Rains bring Delhi to standstill; roof collapse at airport
- Rafale fighter jet deal: What does it mean for India?
- Murder convict, posing as visitor, escapes from Bangalore central prison
- Twice he promised, twice Haryana CM ML Khattar stood up Navy officer kin
- Express Impact: From today, stop construction that’s polluting air, says NGT
- Voting begins for Maharashtra Assembly byelections
Delhi came to a standstill on Friday evening as heavy rains accompanied by winds lashed the Capital on Friday, inundating several low-lying areas and leading to huge traffic jams and collapse of a portion of a terminal building at the IGI airport in New Delhi.
Parts of Raisina Road right next to Central Secretariat metro station caved in forming 10 m deep crater, but no one was injured in the incident. Meanwhile, a wall collapse was reported from Paharganj area.
The rains, which started at around 3 pm and continued for around two hours, left a trail of misery for commuters with massive traffic snarls across the city stranding people.
In some roads like Parliament Street, traffic jams extended to even 2 km. Places like ITO, Connaught Place, Mahipalpur, R K Puram, Vikas Marg, India Gate were flooded with vehicles after the rains.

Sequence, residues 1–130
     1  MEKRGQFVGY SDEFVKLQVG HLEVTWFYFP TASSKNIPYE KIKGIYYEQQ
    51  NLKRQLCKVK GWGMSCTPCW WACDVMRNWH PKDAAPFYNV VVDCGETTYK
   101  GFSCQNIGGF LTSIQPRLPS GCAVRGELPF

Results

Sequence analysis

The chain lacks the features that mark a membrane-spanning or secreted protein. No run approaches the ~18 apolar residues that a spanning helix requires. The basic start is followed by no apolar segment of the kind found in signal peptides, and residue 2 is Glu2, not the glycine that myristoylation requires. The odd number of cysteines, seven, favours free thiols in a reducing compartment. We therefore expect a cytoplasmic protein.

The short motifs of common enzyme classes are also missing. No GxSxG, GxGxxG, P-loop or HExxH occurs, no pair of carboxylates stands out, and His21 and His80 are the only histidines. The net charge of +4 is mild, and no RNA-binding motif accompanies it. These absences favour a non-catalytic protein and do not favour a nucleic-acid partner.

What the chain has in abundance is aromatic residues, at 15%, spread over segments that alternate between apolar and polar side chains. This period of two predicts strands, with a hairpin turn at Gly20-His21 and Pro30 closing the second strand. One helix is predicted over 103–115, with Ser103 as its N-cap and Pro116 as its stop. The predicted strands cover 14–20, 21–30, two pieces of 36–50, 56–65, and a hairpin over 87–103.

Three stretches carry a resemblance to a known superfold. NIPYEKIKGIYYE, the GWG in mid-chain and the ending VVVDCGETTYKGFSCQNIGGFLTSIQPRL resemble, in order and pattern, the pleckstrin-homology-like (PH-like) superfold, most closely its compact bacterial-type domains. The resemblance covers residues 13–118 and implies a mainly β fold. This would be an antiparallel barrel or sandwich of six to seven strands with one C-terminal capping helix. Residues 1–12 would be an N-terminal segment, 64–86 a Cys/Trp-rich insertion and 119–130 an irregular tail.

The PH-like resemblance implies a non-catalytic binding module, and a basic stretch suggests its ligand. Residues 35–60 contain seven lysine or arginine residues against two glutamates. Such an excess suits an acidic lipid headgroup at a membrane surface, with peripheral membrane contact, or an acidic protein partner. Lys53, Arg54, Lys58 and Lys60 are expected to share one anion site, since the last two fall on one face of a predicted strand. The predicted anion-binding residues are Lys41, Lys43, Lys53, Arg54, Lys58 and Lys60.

The rains brought down temperature from 35 degrees Celsius to 24 degrees with the city recording 74 mm rainfall till 5.30 pm. Besides, the Met office in Palam recorded 31.8 mm rainfall.
Flight operations at the Indira Gandhi International Aiport were hit due to the rains and waterlogging, which also led to the collapse of a part of the newly-built domestic departure terminal building (T-1D).
However, there were no reports of any one being injured in the collapse, sources at the airport said. The visibility at the airport fell less than 100 m due to the rains, and many flights preparing to land were diverted to nearby airports.
"I got stranded at the Parliament Street for more than an hour. The traffic still shows no signs of moving. I am worried about my mother at home," Muthuvel, a senior manager at a private firm, said.
At Raisina Road, the crater which formed as a result of the caving in was around 10 m in depth and six m wide, eyewitnesses said.